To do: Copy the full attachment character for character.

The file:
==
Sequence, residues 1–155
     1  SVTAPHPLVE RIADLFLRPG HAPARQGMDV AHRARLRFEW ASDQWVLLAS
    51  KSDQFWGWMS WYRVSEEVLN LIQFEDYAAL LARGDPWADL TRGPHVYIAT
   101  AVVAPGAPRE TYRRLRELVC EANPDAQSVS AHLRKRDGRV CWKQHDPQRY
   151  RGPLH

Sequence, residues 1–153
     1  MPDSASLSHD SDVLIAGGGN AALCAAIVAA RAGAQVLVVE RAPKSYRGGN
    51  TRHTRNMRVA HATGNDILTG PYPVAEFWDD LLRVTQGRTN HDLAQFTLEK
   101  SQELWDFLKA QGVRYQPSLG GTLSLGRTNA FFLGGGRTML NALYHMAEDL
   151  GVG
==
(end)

Sequence, residues 1–155
     1  SVTAPHPLVE RIADLFLRPG HAPARQGMDV AHRARLRFEW ASDQWVLLAS
    51  KSDQFWGWMS WYRVSEEVLN LIQFEDYAAL LARGDPWADL TRGPHVYIAT
   101  AVVAPGAPRE TYRRLRELVC EANPDAQSVS AHLRKRDGRV CWKQHDPQRY
   151  RGPLH

Sequence, residues 1–153
     1  MPDSASLSHD SDVLIAGGGN AALCAAIVAA RAGAQVLVVE RAPKSYRGGN
    51  TRHTRNMRVA HATGNDILTG PYPVAEFWDD LLRVTQGRTN HDLAQFTLEK
   101  SQELWDFLKA QGVRYQPSLG GTLSLGRTNA FFLGGGRTML NALYHMAEDL
   151  GVG